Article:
4 AUGUST 1961, Page 29

Consuming Interest

Underground Army

By LESLIE ADRIAN I 'SOMET IMES think that hell must be a place much like London Underground : it could. hardly be much. worse than the. Tube in the summer—hot, airless (ex- cept for fierce dusty hurricanes), and swarming' with lost souls.

With one eye on Dr. Beeching I have lately been reading' the annual report of the British Transport Commission. A study to determine the sources of noise on the Underground trains has been started. The planning of the. Victoria. Line was pursued last year. Twenty-two new trains were' added to the rolling-stock. And Notting, Hill Gate Station was finished.

At this rate of progress.the subterranean move- ment of London's workers should catch up with actual needs about the same time as the arrival of the first space-ship on Mars. Meanwhile we shall continue to queue for tickets while the automatic machines stand idle—half the slots are now sealed. up. The clerks .are too busy mak- ing. up. their returns to open both ticket windows, no. one has. the decency to punch our ticket when we've bought- it, and all too often no one wants to collect' it either. No wonder the LTE prosecutes 7,000 people' a year. Familiarity with such laxity breeds contempt of being caught.

According- to the report, the LTE now has an operational research department. No doubt it is busily engaged on problems in queueing theory. It should soon turn its attention• to such minor problems as how. to get several hundred pas- sengers of a Tube train when several hundred' others arc trying to get on at precisely the same time and the platform is packed solidly with bodies. At present the method is either for the station staff to shout unintelligible instructions at the tops of their voices, or simply to disappear through one of. those doors marked 'PRIVATE.'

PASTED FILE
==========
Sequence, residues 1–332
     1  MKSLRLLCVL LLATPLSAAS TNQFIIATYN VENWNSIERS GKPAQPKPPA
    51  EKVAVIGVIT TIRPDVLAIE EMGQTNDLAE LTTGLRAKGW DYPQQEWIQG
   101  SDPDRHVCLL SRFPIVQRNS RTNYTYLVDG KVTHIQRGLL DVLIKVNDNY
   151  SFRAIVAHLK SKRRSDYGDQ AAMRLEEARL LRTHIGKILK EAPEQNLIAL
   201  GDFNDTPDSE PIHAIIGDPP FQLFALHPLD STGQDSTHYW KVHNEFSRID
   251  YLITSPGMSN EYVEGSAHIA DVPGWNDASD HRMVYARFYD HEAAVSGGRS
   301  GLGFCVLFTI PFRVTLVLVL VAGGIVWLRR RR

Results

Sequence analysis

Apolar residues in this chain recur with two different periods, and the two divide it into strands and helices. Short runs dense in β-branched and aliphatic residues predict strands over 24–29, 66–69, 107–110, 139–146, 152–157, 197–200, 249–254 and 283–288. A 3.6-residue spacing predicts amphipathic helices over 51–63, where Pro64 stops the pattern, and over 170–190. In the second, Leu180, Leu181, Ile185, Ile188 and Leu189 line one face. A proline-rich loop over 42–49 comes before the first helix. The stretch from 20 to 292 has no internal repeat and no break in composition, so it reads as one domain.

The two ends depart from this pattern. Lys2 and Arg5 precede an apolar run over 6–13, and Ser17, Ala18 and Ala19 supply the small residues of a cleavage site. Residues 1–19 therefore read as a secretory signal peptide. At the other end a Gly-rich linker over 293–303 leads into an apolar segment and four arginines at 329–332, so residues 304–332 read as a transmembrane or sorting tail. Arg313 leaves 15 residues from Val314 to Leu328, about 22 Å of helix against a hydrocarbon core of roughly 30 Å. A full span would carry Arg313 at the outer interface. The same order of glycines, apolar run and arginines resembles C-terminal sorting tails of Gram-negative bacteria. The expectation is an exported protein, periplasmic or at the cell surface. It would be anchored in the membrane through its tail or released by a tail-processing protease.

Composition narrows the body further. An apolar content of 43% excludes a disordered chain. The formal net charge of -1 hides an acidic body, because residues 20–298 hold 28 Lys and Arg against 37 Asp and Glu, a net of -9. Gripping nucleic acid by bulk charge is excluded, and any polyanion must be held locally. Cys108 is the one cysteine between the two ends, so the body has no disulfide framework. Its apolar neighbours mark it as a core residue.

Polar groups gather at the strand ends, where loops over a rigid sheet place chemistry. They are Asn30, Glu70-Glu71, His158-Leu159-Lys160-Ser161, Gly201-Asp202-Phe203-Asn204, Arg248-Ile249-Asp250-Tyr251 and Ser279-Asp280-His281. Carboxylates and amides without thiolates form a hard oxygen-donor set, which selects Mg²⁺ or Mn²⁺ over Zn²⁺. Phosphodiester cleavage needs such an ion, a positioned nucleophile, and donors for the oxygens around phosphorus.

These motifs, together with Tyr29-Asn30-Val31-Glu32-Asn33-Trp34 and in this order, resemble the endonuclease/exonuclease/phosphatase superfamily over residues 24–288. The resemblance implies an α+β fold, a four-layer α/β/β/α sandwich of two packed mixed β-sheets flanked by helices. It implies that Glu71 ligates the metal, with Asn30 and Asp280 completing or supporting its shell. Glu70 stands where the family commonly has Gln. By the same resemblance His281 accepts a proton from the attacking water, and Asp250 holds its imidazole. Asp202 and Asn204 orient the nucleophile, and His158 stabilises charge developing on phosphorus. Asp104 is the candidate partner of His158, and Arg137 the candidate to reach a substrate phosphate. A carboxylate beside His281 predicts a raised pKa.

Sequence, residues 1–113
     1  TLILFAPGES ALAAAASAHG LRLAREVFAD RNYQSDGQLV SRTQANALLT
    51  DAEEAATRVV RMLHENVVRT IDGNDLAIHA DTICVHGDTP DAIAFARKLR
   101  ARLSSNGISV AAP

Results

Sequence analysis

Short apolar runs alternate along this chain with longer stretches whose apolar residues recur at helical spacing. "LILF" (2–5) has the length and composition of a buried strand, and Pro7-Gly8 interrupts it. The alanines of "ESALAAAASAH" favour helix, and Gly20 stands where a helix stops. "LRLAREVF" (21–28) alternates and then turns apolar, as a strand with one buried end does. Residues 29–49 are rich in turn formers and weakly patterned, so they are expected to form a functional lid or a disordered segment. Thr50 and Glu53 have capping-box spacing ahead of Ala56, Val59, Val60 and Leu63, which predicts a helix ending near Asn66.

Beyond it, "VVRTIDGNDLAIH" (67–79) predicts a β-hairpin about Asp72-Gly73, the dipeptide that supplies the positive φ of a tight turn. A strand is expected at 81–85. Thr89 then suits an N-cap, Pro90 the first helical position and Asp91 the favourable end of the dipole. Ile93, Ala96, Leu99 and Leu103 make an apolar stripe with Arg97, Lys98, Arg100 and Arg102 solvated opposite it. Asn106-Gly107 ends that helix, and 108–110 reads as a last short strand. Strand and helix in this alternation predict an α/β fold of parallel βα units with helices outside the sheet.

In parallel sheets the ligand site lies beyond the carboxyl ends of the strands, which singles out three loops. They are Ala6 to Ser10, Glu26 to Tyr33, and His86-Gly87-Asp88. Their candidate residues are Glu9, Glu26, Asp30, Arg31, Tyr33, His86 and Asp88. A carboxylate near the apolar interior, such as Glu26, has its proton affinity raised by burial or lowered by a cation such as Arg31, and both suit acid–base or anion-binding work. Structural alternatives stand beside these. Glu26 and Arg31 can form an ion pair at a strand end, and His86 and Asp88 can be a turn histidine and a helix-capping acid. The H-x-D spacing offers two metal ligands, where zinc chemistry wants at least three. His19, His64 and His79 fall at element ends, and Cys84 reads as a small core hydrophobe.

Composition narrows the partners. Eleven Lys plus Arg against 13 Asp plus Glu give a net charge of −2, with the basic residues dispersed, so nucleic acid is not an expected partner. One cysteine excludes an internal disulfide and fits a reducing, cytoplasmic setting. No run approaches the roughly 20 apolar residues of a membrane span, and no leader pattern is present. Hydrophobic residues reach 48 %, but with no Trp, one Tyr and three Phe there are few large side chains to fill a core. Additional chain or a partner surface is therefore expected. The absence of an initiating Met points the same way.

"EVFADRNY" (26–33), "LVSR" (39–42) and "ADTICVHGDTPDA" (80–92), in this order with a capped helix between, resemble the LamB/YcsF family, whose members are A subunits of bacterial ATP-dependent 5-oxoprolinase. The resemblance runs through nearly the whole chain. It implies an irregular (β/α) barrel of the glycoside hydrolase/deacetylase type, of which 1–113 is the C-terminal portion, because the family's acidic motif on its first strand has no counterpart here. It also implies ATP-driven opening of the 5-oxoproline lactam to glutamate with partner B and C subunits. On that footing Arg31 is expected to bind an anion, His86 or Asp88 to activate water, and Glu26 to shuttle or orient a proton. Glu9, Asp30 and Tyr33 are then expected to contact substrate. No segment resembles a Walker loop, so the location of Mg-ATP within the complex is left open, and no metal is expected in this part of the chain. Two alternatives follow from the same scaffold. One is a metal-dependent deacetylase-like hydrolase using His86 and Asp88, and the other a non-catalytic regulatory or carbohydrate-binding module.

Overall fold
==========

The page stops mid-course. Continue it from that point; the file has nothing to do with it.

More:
The Machiavellis of Broadway are not as worried about• these minor grievances as I am. They record blandly the increase in the subter- ranean swarms, explaining that 'reduced bus mileage discouraged passengers.' Then they have the nerve to add: 'London Transport continued to make. its services-as convenient and attractive as possible. . . I' think we had all better take the advice of the Egg Marketing Board and go to work on an egg.

I find. something dispiriting about ordering ice for a party from the fishmonger or the local coal merchants--the accepted sources. What might once have served as a cod's bier doesn't appeal to me for insertion in my guests' drink, let alone mine; and hacking away at a chunk of ice does not induce the proper frame of mind for bringing- off a social success.

So I am glad to hear of a new firm, 'Ice Cubes I.td.,' 209 Clarendon Road, WI 1 (PARk 3182), which delivers neat looking ice. cubes to all but the City area of London, and on the day of ordering. The cubes are shaped like yo-yos (cubes with a hole in the middle freeze more quickly, apparently) and come in plastic bags of five, ten, fifteen and twenty pounds weight, at sixpence a pound. A friend of mine ordered the five-pound bag (2s. 6d.), which included some 140 cubes, and had plenty to spare at the end of her party for twenty-five, though it was a warm summer's night.